As we often stress time and again in this newsletter, price is a poor indicator for the growth and development of the crypto industry. Despite the steep drawdowns of this year, an increasing number of banks are releasing crypto services, developers are still flocking to this industry, and real world use (not just financial speculation) throughout the world is increasing. All the signs you would want to see during a bear market that set the stage for the next bull market are there, you just have to look beyond the price chart.
In Other News
The SEC and CFTC are examining whether crypto hedge fund Three Arrows Capital violated rules by misleading investors about its investment strategy.
France may change its cryptocurrency laws next year as the country aims to become a leader in blockchain technology.
The highly anticipated launch of Aptos was, at best, underwhelming as tokenomics and transaction speeds are nowhere near as expected.
The Blockchain Association has filed to submit a brief in Grayscale’s appeal for its bitcoin ETF application stating that the SEC’s approval of a futures-based bitcoin ETF but not a spot product constitutes an uneven treatment.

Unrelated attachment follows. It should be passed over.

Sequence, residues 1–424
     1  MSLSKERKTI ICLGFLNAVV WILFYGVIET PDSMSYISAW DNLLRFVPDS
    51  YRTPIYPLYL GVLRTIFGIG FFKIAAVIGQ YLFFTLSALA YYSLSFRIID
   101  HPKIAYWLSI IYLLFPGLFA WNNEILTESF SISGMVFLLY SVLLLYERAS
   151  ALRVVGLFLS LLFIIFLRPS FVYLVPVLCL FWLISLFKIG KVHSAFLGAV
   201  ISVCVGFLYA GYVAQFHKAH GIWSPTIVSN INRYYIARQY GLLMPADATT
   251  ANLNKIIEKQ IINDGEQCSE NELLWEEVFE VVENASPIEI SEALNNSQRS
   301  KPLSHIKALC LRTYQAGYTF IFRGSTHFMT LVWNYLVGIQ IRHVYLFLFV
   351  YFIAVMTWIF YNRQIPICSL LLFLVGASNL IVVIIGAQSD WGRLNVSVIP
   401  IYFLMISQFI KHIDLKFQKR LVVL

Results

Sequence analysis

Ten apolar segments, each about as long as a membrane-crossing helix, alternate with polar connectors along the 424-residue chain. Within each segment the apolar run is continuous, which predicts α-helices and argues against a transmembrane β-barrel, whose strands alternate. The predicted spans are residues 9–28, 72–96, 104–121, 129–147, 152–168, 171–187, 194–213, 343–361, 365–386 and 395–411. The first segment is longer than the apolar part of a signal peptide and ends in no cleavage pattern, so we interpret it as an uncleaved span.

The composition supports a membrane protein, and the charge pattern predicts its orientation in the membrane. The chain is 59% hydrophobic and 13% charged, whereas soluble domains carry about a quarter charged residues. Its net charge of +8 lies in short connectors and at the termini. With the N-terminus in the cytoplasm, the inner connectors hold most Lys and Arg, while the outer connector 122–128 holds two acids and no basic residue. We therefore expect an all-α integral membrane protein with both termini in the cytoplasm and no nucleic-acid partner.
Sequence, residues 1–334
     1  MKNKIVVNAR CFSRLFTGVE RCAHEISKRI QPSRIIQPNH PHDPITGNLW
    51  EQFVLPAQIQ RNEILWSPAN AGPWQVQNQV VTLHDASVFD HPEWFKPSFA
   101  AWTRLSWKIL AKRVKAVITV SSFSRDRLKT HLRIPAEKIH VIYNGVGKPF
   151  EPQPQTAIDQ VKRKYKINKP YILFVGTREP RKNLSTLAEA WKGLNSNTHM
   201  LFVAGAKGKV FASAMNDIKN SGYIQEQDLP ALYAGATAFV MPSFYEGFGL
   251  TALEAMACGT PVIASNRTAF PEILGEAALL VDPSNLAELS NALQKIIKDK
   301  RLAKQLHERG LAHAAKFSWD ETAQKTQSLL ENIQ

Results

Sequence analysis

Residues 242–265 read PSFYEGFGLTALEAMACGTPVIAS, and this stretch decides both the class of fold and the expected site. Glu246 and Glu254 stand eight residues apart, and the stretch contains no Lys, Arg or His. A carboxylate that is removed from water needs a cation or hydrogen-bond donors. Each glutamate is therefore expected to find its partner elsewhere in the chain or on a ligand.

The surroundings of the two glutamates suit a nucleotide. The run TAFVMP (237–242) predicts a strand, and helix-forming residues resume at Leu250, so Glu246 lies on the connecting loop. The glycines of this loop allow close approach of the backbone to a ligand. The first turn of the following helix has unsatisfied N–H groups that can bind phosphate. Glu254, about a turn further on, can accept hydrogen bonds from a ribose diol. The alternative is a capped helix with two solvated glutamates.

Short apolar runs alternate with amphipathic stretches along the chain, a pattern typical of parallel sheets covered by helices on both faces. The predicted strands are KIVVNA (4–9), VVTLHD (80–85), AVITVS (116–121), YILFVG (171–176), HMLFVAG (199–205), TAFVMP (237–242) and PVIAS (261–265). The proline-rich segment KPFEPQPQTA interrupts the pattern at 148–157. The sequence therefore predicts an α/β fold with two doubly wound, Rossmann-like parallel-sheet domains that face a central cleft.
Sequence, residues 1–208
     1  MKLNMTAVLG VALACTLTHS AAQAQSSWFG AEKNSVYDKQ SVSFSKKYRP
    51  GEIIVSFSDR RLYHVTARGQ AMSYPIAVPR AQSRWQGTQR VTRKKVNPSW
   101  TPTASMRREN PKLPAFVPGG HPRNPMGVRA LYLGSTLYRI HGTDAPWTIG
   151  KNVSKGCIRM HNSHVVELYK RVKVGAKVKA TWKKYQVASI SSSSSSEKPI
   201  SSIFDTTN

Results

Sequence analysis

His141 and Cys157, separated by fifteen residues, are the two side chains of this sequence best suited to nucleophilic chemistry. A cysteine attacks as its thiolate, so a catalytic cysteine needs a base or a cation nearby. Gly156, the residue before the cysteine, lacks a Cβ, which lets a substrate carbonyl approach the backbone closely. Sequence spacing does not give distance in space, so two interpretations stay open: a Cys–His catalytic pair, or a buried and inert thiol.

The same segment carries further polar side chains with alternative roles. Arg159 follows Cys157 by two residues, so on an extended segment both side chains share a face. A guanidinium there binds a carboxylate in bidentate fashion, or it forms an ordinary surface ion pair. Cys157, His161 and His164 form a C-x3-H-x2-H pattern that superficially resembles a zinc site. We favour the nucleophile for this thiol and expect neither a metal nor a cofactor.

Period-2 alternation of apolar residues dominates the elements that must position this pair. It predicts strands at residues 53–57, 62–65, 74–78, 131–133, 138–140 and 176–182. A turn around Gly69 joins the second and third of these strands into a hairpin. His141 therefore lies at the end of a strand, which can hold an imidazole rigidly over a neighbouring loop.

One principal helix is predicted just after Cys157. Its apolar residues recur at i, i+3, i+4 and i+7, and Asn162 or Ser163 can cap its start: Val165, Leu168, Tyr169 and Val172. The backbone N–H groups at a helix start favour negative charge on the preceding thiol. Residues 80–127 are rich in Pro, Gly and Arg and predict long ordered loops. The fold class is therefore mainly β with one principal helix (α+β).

New tax guidelines from the IRS mean that NFT holdings fall under the same tax regime as cryptocurrencies and stablecoins.
Ripple Labs has obtained email records from former SEC director William Hinman which are likely to provide significant insight into his thought process and that of his colleagues at the SEC regarding whether certain digital assets should be treated as securities or not.
Cash App users can now send and receive bitcoin via the Lightning Network.
The United Kingdom votes to recognize bitcoin as a financial instrument.
CFTC Chair Rostin Behnam said he considers Ether a commodity, not a security.
Disclaimer: This is not investment advice. The content is for informational purposes only, you should not construe any such information or other material as legal, tax, investment, financial, or other advice. Nothing contained constitutes a solicitation, recommendation, endorsement, or offer to buy or sell any securities or other financial instruments in this or in any other jurisdiction in which such solicitation or offer would be unlawful under the securities laws of such jurisdiction. All Content is information of a general nature and does not address the circumstances of any particular individual or entity. Opinions expressed are solely my own and do not express the views or opinions of Blockforce Capital or Onramp Invest.